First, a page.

Left tackle Charles Leno Jr. ran a free flag football camp for girls aged 7-14 on Saturday, Oct. 7 at OrthoVirginia Training Center with the goal of promoting opportunities for girls in football. No matter their experience level, the campers, which came from all around the DMV area, were welcomed into the environment and left with increased confidence and knowledge of the sport.
"I just want them to walk away confidently knowing that women can play football, too," Leno said. "This is not a game that has to be segregated to only men. They're starting to open avenues for women to play football, get scholarships, and create leagues in flag football or tackle football. So, I just want to make sure these girls can have the confidence to do those things and understand that they can do it as well."
There's no shortage of important charitable causes that deserve time and dedication. Still, when asked about Leno's choice to focus on women in sports, he says it was his family that brought him to this conclusion.
Alongside his wife and three young daughters, Leno recognizes the importance of what it means for women to have the opportunity to compete, especially in football, where women are historically not given as much access to the game as male players.
"First and foremost, being a father of three girls and playing the sport I play, I really wanted to bring it together," Leno said. "I was talking to my wife about it one time and how I'd never heard of someone doing an all-girls flag football camp. I said, 'I wanna do that. Can we do that?'"
And he did. Girls at the weekend clinic were gifted with energy drinks, Nike bags, headbands, T-shirts, and an incredibly valuable experience. After the camp, four middle school girls sat down and talked about how they'd never been given a chance like this. Olivia Homles, Nazareth Eerege, Cadence Hollingsworth, and Kayla Spencer said they've spent so much time on the same cheerleading squad, but the opportunity to play football had never come across their radar.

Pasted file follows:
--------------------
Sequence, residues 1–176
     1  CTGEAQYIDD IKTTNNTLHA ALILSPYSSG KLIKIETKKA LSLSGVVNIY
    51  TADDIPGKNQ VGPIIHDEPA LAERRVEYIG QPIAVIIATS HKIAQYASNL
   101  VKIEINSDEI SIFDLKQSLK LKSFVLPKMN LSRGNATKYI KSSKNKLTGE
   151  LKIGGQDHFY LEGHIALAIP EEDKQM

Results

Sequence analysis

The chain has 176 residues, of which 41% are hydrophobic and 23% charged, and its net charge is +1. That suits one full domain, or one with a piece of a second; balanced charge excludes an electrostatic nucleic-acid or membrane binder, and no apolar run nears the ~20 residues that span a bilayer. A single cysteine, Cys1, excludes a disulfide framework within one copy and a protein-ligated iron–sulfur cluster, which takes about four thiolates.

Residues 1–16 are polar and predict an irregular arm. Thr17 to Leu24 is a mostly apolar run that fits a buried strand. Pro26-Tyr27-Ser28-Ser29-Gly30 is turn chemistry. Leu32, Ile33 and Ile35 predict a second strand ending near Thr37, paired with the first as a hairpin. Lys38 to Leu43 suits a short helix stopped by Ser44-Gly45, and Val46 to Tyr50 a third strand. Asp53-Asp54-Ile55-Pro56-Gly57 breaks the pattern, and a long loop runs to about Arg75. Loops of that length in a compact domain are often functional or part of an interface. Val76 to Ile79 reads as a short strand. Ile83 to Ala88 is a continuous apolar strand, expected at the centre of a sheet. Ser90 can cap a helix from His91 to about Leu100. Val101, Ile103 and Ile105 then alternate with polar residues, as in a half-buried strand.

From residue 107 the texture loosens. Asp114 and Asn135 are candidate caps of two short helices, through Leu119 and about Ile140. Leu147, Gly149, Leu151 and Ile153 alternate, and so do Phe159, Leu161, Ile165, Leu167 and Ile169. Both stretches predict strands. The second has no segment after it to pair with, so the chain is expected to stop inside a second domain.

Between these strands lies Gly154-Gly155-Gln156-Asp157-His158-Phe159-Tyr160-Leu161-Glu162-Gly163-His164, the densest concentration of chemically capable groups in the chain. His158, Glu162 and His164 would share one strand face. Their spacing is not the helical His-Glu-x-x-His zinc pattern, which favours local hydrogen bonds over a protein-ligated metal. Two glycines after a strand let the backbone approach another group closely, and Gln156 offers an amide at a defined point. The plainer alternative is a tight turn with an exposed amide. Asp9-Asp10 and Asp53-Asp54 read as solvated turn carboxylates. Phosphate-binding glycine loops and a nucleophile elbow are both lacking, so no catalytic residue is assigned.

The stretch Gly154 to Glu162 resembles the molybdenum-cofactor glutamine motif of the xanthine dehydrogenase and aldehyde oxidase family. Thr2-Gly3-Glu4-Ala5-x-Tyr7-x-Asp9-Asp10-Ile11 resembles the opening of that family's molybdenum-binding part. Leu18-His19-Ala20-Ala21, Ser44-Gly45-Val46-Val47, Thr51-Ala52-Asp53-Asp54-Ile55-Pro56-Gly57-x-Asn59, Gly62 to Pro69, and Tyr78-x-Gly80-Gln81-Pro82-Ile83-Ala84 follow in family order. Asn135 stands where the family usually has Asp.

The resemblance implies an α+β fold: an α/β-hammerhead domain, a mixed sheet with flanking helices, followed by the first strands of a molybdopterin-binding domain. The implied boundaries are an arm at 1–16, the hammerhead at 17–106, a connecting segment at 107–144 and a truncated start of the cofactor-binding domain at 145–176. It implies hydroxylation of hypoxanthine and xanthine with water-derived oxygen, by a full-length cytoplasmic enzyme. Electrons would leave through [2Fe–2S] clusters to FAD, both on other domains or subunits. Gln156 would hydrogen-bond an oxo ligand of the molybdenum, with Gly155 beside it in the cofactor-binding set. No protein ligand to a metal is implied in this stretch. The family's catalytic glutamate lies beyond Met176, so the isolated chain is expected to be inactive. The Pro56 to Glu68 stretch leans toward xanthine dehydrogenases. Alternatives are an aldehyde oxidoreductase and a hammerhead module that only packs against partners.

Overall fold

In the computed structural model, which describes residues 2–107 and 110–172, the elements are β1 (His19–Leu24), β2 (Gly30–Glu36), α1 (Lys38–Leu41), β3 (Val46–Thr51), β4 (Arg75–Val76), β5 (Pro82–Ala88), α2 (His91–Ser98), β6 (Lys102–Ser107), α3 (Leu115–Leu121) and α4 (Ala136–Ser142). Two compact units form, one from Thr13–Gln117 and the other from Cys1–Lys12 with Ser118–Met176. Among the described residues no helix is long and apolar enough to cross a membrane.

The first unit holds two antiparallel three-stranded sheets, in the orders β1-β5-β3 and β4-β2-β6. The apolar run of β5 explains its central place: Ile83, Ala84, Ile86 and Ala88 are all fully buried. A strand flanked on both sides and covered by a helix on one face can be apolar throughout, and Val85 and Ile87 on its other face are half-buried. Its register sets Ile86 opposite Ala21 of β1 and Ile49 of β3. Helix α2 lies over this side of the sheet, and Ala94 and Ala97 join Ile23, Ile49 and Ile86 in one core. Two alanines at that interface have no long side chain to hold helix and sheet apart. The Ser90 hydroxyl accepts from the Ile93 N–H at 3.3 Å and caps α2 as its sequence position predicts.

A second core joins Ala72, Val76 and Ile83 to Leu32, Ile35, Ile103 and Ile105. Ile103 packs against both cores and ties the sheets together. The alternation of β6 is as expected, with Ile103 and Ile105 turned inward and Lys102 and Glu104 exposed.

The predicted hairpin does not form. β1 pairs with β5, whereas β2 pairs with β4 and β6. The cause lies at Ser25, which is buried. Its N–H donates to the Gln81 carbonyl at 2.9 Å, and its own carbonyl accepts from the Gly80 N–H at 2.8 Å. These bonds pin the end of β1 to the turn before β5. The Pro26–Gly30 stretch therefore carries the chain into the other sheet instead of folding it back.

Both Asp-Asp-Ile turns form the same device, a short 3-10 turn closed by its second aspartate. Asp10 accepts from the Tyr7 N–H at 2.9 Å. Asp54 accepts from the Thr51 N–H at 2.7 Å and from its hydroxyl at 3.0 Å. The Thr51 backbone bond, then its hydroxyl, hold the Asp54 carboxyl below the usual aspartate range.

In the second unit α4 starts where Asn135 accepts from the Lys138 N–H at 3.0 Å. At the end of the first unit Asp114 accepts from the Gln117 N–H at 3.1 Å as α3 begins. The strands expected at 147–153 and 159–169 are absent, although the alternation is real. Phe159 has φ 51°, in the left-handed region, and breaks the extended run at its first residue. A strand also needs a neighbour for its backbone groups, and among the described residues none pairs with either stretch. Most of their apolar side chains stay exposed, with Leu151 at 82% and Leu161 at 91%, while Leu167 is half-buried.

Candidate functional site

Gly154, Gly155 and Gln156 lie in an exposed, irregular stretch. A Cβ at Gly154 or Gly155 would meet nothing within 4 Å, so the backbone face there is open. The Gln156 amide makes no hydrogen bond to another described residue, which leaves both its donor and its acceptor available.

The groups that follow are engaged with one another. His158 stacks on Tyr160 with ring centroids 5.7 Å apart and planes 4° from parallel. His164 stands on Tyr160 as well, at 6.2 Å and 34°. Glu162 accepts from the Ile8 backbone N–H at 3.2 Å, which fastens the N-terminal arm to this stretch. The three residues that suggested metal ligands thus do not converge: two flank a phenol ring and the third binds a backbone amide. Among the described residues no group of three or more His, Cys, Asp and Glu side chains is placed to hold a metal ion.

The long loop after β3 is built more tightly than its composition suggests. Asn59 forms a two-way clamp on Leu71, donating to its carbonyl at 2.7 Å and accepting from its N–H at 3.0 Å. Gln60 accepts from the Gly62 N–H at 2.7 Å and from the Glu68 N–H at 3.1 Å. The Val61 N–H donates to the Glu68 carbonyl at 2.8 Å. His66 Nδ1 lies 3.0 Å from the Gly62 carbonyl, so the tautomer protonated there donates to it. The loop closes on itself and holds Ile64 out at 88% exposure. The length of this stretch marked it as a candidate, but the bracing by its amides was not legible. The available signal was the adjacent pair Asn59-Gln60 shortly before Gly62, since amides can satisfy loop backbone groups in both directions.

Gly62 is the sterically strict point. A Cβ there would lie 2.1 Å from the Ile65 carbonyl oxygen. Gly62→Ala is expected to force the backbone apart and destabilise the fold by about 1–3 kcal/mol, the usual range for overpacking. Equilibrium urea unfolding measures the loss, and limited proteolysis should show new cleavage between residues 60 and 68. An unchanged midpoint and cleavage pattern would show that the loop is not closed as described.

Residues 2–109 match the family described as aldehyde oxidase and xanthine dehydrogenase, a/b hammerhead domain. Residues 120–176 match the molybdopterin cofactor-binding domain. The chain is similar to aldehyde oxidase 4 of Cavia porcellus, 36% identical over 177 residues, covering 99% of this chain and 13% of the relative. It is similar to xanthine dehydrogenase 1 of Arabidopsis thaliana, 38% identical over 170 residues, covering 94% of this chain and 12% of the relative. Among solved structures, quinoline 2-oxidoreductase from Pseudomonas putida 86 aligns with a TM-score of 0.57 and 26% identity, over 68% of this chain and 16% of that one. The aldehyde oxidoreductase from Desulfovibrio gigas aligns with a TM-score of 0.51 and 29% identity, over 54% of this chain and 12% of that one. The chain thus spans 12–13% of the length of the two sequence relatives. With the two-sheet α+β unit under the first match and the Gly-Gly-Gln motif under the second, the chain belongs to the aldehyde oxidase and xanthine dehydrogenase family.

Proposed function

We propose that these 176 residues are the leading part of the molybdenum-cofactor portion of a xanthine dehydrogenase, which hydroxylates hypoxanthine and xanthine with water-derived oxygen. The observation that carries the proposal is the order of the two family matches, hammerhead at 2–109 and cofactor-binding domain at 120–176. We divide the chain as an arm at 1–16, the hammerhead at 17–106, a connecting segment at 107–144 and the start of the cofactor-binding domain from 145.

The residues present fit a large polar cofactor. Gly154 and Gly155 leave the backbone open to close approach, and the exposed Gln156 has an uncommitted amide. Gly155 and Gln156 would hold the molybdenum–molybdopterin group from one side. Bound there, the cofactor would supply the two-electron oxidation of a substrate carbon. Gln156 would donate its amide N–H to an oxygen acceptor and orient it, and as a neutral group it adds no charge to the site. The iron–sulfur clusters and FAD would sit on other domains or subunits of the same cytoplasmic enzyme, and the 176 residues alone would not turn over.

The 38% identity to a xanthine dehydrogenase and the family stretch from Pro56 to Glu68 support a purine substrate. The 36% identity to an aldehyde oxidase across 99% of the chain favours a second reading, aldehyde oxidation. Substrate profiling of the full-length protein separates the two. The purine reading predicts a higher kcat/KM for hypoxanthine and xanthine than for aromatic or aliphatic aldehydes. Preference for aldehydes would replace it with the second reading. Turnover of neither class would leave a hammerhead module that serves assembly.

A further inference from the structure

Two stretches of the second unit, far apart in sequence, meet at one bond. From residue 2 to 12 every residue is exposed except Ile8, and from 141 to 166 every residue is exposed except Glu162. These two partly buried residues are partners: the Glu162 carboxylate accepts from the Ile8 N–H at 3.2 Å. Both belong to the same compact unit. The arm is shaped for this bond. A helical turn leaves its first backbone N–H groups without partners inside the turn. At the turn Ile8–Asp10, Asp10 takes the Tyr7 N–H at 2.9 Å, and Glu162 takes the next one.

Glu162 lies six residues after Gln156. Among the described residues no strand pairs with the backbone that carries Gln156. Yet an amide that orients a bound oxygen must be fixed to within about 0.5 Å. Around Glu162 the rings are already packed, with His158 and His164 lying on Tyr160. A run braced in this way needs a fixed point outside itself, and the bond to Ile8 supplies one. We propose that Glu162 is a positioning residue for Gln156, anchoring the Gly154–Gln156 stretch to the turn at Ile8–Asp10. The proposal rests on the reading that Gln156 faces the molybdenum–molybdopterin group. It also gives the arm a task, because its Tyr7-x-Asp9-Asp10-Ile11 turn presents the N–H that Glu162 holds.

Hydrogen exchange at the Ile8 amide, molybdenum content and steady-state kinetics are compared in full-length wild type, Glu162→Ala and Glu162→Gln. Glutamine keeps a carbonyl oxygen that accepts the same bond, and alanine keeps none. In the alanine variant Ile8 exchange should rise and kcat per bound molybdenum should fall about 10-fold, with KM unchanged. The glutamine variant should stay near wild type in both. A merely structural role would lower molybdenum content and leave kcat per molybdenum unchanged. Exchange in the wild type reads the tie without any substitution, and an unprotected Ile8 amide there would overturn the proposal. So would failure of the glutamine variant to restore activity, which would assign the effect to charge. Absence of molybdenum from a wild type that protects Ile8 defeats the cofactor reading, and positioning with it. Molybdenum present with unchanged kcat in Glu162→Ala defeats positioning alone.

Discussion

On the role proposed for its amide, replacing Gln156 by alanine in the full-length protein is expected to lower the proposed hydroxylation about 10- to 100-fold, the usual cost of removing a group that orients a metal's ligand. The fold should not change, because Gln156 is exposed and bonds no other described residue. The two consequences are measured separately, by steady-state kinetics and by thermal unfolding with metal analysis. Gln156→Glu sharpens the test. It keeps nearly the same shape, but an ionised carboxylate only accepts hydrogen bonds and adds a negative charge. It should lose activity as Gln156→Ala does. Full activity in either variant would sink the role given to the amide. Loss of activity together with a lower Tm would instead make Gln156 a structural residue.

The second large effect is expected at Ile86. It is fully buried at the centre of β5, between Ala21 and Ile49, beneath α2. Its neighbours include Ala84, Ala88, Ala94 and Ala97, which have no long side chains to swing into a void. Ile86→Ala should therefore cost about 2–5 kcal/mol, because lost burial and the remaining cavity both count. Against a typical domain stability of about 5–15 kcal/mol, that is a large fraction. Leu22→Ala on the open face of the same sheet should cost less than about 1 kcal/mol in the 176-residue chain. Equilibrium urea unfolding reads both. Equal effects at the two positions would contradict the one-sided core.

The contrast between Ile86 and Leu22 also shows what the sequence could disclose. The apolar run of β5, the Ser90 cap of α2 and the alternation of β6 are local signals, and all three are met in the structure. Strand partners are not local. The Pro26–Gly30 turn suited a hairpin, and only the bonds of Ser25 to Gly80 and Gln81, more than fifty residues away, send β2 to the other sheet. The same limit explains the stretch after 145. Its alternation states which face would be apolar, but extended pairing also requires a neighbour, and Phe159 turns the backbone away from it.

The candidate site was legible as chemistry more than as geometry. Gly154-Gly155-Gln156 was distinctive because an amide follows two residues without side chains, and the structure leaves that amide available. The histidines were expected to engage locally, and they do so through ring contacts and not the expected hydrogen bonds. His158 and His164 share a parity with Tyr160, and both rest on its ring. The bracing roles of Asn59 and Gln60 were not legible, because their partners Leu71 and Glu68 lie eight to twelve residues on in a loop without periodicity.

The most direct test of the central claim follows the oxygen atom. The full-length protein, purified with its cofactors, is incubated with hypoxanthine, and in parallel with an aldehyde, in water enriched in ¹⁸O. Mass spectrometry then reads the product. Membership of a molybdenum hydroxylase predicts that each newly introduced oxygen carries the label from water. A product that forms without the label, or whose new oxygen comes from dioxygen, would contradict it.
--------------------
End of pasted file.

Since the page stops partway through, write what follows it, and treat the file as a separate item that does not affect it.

"I don't think I've ever even touched a football before today," Holmes said. "We're all on the same cheerleading team, and we spend a lot of time together, but this is something we haven't gotten the chance to do."
Without the opportunity to compete in football, young girls cannot pursue the opportunities that come with playing the sport and are expected to be okay with that reality.
Hollingsworth, who led her friends to do the camp, felt extremely accomplished and proud after getting to play flag football.
"Now I get to walk into school and tell all the boys that I played football with NFL players," Hollingsworth said. "Like, how cool is that?"
Leno was joined by teammates in the running of the camp, bringing together a fun-filled morning of activities, learning, and growth.
Leno emphasized the importance of girls being able to have an interest in football no matter what and that it shouldn't be a male-dominated activity.
"They should be able to be Taylor Swift fans and get the chance to be involved with this sport," Leno said. "It doesn't have to be one or the other."
The chance for girls to have various interests and passions is critical. Leno's football camp allowed girls to play and enjoy football and meet other young girls along the way.
And at the end of the day, it served as a reminder that football can be a fun activity and doesn't need to be all about pressure.
Coming off a 40-20 loss to the Chicago Bears, Leno felt this camp gave him precisely what he needed as well.
"This is for sure a much-needed moment of joy for me," Leno said. "We just came off a really tough game. But at the end of the day, I'm a human being, and I want to give back to my community. And this does put a smile on my face after a tough week."
Even though football is now a livelihood for Leno, it all began when it was just a sport he enjoyed playing for fun growing up. The ability to return to those roots and share the passion for football with young girls is an incredible light for Leno and his family.